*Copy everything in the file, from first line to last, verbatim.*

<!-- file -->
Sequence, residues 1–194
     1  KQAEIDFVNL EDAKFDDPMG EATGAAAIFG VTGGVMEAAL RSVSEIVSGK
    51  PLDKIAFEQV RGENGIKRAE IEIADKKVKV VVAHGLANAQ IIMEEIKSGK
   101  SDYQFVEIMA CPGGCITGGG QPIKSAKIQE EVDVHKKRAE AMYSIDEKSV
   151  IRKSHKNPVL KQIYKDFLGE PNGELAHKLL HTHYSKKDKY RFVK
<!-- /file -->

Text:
Sequence, residues 1–194
     1  KQAEIDFVNL EDAKFDDPMG EATGAAAIFG VTGGVMEAAL RSVSEIVSGK
    51  PLDKIAFEQV RGENGIKRAE IEIADKKVKV VVAHGLANAQ IIMEEIKSGK
   101  SDYQFVEIMA CPGGCITGGG QPIKSAKIQE EVDVHKKRAE AMYSIDEKSV
   151  IRKSHKNPVL KQIYKDFLGE PNGELAHKLL HTHYSKKDKY RFVK